Peeping

Art in the world of wadded-up Kleenex.

PEEPSHOW 28

The Lusty Lady, 1315 First, 25 cents for 40 seconds open 24 hours ends Thurs., Feb. 21

WHAT'S THE BEST TIME to go to the Lusty Lady? Ten a.m. offers itself daily: That's when I go by on the bus every morning. To slip, blinking, from the morning light into the womb of the Lady will be surreal, I keep thinking—but also kind of a cop-out.

Thus I find myself Saturday night at 1:30 a.m., fortified by a couple hours at the Nite Lite, standing in the entry of the L.L. doling out a bunch of dollar bills to the friends with whom I have also fortified myself. I feel like some sort of perverted den mother; I wonder if anyone else has ever asked the cashier for a receipt. "Only one person per booth," he says, and he continues to broadcast this at intervals over a loudspeaker in a manner that is like nothing so much as a Skate King DJ. We abandon our plan to stealthily cram in two or three at once; he's on to us—he sees girls.

We each disappear to watch not engorged, greased body parts but "Peepshow 28," on exhibit offering dozens of super-short videos by artists ranging from Canadian director Atom Egoyan to pro-porn feminist Annie Sprinkle, works lurking at the corner of sex and art and showing in all the Lusty's video booths on channel 28.

This venue poses problems as an art space: the sound of screeching hinges and constantly slamming booth doors, the music from outside drowning out the sound of your video selection; you turn it up to its weird maximum volume of "7," but there's no actual change in the sound at any point. I do not want to touch anything or lean anywhere, and so I stand hunched over in the dark, stabbing fruitlessly at the volume button with (in an act of extra-prudishness I cannot help) the ass end of my pen.

Interpret these problems as symbolic: The voice of the art is drowned out by the relentless slams of the dominant male sexuality exerting itself all around; the machine itself, purportedly an impartial vessel for its contents, holds out the promise of control and thwarts it; all that is left to do is look, mute, by yourself in the dark, pushing more money into a hole in the wall—you can choose to flip through the dozens of other channels offering not "art" but the lingering camera of Assman #18 or 9021-Ho! Episode 2, with its gaze like love or horror, but you are still consuming, powerless, a body with holes you are trying to fill.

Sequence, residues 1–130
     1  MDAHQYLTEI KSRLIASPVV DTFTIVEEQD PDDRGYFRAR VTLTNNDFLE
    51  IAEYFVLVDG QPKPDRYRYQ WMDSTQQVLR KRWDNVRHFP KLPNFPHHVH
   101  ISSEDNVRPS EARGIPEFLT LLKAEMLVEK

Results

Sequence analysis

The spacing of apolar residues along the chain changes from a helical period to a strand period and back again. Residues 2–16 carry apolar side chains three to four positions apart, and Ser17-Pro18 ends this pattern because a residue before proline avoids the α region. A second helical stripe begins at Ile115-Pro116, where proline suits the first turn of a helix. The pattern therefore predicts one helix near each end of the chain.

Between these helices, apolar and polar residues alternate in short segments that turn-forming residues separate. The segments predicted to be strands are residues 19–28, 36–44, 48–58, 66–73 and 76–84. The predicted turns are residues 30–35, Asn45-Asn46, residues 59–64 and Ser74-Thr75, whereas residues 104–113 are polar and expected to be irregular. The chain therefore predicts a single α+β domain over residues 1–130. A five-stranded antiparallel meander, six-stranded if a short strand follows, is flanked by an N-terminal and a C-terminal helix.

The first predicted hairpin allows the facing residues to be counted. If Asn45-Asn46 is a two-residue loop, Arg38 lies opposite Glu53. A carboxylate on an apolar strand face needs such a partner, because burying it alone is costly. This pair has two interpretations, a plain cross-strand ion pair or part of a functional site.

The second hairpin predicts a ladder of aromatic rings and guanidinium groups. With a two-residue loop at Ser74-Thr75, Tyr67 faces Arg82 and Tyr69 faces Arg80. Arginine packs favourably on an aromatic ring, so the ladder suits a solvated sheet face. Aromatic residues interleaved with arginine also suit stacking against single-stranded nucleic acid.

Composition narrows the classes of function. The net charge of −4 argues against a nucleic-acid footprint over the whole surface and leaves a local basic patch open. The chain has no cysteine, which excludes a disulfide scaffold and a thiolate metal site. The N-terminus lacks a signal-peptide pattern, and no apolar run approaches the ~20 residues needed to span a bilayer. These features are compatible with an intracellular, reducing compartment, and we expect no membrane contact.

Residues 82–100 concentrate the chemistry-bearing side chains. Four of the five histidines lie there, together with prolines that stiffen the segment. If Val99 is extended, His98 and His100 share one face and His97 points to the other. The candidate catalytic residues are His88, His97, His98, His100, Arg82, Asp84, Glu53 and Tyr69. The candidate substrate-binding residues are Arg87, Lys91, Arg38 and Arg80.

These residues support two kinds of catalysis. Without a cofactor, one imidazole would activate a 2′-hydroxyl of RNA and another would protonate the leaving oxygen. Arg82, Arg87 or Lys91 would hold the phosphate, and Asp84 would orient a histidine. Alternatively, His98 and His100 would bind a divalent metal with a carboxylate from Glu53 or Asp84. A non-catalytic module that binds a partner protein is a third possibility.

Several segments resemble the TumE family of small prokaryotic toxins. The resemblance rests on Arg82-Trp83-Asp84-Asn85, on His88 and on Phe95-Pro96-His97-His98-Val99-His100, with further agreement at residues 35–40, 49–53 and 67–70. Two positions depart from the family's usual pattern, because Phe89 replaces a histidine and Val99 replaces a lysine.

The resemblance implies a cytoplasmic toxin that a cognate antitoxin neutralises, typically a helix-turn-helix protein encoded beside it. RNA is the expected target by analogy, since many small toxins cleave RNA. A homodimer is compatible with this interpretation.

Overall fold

I'M PLEASANTLY LOST in my theoretical bullshit when a pair of eyes and their corresponding pate appear over the top of the door. They look to belong to a more manic version of Michael Keaton. "Can I come in?" the man attached to the eyes says. "I don't think that's allowed," I say, not wishing to be rude. "Are you sure?" the eye-man asks. I see I must be more firm. "I don't want you to come in, and it's not allowed," I clarify. The eyes say, "I'm sorry," and disappear.

I watch a short about the Love Teller, the old-timey arcade game you put your hand on for it to rate you from "Cold Fish" to "Valentino"; the narration seems interesting but is sadly inaudible. Then Ed. 101/Exotic Dancing offers a tutorial, with a voice-over like a school filmstrip. Then there's a hand with jeweled fingers creeping along the edge of a bed accompanied by sultry striptease music; a supremely disinterested watching cat is somehow indicative of the banality of pornography. Then a frantically moving male elbow in black-and-white, the arm muscular and sexy—the elbow turns out to be attached to a hand that is drawing.

Then, "Hi again," and the eye-guy is back, looking in. "Let me come in," he says. "No, thank you," I say. "Are you sure?" he persists. "YES," I say, and the eyes are gone.

I'm a little wigged out. A new short is starting: Porn Star, it says, and all it shows is a grainy video camera, pointed right at you—that is, me.

Then I'm standing on the sidewalk under the marquee, back safe in the bosom of my entourage. We're in accord that the art benefits greatly from the context of sexual weirdness and wadded-up Kleenex, while simultaneously the context threatens to completely overwhelm the art (as well as the viewer); we suspect this is the point. We're also marveling at the cartoonesque staggering of drunk people walking down from the Showbox. A fellow patron emerges from the Lusty and asks us something unintelligible—his English is not so good. The wag among us inquires as to whether he saw the art exhibit: "Did you see the art? What kind of place is this for an art exhibit?"

"I look, but I don't touch," the man shouts. He laughs with maniacal glee and walks off into the night.

bclement@seattleweekly.com

 
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